BOCA RATON, FL — To prove his point that talent matters in today’s business world, Ron Magnus introduced a recent study from The McKenzie Group, which surveyed and interviewed over 6,000 executives from 77 Fortune 50 and 100 companies.

The report, “War For Talent,” concludes that “Talent matters more than the tangible assets such as financial capital.”

Quoting the study, Magnus said, “What we found should be a call to arms for corporate America. Companies are about to be engaged in a war for senior executive talent that will remain a defining characteristic of their competitive landscape for decades to come.”

Magnus also noted that the recruiting pool is shrinking. To combat the problem, the FMI director encouraged contractors at the recent MCAA conference to zero in on “Coaching to Develop Exceptional Leaders,” also the title of his session. “We aren’t doing a whole lot for the development of our managers or our leaders,” he said.

According to Magnus, “Opportunity for development is what young people want. This is what motivates them.”

The problem, he said, is that most managers today are not spending the time to develop talent. The smarter ones will not only get the talented employees, but keep them.

“Talented people want to be developed. Today, talent wants to be developed,” he reiterated.

In his estimation, the top managers of tomorrow will be the coaching type, ones who provide feedback and leadership. He defined coaching as “a collaborative relationship focused on equipping people to more fully develop themselves and to facilitate a shift in their knowledge and behavior.”

Magnus stressed that the coaching style of managing allows “a relationship to be developed between coach and coachee,” a foundation for the development of the coachee. Such a collaborative relationship is based on trust and mutual respect. He said coaches help individuals become better equipped to change and grow, and have the ability and desire to help individuals “develop faster, easier, and in a more meaningful and intentional manner.”

He said the key to the coaching style is the “shift in knowledge and behavior” part. “The goals for this shift need to be clear and mutually understood,” he said. “The result of coaching is some type of change.”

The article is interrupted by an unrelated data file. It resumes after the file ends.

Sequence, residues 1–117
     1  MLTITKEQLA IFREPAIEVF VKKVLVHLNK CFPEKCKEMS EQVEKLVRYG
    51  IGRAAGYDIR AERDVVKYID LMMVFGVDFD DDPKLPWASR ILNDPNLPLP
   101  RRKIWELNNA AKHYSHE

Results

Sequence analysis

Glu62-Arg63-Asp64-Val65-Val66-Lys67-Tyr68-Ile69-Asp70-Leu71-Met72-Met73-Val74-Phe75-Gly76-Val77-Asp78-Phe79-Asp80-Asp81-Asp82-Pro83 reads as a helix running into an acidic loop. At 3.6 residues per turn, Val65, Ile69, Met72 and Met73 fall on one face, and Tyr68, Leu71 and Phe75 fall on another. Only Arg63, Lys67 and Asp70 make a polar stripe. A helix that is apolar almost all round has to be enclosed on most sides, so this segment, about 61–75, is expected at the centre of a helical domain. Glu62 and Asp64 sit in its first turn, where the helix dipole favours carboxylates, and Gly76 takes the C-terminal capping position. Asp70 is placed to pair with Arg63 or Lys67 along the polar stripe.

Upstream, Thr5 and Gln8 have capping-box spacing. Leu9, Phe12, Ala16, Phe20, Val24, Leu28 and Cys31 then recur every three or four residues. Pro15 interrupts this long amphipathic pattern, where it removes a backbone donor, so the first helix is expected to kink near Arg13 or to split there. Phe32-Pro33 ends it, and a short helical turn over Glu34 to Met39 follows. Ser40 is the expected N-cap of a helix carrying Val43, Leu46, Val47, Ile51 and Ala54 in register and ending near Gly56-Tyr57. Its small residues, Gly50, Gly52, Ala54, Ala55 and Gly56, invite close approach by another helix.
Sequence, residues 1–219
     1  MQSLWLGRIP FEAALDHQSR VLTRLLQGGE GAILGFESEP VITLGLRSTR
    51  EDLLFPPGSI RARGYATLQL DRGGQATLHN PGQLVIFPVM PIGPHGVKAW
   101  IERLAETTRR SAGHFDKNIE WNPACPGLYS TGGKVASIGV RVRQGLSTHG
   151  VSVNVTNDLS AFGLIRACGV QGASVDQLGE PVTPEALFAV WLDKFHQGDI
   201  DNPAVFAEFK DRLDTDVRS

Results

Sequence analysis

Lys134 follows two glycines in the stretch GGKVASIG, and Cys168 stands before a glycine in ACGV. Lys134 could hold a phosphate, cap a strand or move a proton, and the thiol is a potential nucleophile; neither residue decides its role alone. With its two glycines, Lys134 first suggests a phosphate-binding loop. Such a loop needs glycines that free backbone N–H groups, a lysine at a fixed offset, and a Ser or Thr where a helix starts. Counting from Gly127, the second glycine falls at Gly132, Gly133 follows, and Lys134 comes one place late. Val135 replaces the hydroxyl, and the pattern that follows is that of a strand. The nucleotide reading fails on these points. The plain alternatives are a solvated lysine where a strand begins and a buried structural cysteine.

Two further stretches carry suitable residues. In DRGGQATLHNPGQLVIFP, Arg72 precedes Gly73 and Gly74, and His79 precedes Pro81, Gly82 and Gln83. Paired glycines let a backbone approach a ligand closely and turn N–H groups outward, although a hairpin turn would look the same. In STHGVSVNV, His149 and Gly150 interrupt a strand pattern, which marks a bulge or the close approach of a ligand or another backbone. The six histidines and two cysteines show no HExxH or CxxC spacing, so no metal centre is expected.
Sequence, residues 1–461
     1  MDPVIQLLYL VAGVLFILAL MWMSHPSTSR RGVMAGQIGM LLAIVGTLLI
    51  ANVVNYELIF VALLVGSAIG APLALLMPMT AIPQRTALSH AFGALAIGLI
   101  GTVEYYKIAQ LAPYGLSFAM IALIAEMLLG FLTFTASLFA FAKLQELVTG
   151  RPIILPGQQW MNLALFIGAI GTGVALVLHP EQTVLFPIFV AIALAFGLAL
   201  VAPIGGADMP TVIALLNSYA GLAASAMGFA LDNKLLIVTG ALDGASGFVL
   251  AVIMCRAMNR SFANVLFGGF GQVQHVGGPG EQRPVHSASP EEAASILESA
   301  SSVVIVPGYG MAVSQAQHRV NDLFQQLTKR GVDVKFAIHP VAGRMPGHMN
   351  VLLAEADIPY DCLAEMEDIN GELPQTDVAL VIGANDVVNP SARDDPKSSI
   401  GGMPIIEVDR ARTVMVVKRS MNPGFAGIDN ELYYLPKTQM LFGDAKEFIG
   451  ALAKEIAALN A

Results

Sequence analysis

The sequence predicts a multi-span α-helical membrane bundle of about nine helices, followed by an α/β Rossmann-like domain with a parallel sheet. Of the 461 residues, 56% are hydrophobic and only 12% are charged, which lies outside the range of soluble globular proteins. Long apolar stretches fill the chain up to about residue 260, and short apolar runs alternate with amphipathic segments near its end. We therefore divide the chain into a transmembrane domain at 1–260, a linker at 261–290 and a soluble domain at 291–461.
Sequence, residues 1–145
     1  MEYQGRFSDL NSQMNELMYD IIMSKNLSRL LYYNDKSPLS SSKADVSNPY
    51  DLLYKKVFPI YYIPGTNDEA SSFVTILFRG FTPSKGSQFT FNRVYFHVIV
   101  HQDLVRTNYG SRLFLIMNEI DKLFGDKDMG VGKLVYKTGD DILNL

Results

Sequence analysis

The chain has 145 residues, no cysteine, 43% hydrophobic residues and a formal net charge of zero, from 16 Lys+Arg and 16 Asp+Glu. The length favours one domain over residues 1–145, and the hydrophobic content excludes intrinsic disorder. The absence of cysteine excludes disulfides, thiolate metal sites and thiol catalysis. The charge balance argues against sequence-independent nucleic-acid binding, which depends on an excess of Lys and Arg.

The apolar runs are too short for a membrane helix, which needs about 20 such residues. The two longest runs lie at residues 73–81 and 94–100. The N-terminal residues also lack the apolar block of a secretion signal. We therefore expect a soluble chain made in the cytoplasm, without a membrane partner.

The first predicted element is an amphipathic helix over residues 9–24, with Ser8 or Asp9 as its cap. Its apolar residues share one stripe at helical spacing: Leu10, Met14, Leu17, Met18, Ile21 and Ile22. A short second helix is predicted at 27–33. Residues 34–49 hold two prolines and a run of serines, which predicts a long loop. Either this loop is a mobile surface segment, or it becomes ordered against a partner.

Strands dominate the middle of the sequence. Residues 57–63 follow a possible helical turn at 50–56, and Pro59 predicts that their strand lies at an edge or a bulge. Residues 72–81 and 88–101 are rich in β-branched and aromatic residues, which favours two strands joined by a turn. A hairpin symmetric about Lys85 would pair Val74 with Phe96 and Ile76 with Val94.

To get the crowd thinking, he asked attendees to get into small groups to answer the following two questions: Who is someone who has coached or mentored you, and what characteristics made him or her an effective coach? Some of the answers produced ranged from “They cared” to “They allowed me to try things.”

“What if we had a whole group of people like this?” he asked. “You wouldn’t mind working at such a place, would you?”

Coaching and leadership development is threefold, he said: intentional, purposeful, and personal. By intentional, he meant coaches promote intentionally by providing structure, process, accountability, and feedback. Coaches also keep the process purposeful by making sure it is linked to objectives and specific outcomes. He also said coaches keep the process specifically focused on the individual.

“How do leaders learn best?” he asked, then answered, “Through experience! It is the coach’s responsibility to help guide these experiences in order to optimize the coachee’s opportunity for development.”

He summed it up this way: “The coach unleashes the contribution of people by having them discover, develop, and use their potential.”


In the coaching approach to managing, Magnus sees two types of behaviors: directive and facilitative.

Directive means the leader/ manager defines roles and answers questions (what, when, where, and how), sets goals, organizes, sets time lines and schedules, directs, and controls. The facilitative manager/leader — which he preferred — engages in two-way communication: “listening, facilitating, and supporting.” In this approach, one is giving support, communication, facilitating interaction, listening, questioning, and providing feedback.

Magnus stressed the need for feedback in the entire equation.

“It’s critical to the coaching process,” he said, noting that feedback must be specific; state “why,” facilitate the generation of alternatives, and gain commitment. “You must provide balanced feedback. It has to be both positive and negative — or, constructive.”

Magnus said there are similarities between coaching and mentoring. Like coaches, mentors can help develop, empower, and inspire. They also share knowledge, experiences, and life. He said a mentor, more so than a coach, will focus on “developing our lives, not just our skills.”

In his estimation, to be an effective mentor, one must see the potential in a person, be patient and flexible, see long-term perspective in a person, and have the ability to build up and encourage. He said the goals for mentoring are transferring experiences, helping leaders mature, transferring visions and values, developing strategic thinking, strengthening character, and “providing deep, meaningful feedback.

“If you get serious about coaching and mentoring, it could be the single most important thing you do at work,” said Magnus. “You will develop exceptional leaders in your organization. You will build a ‘third-generation’ leadership culture.”

Publication date: 03/18/2002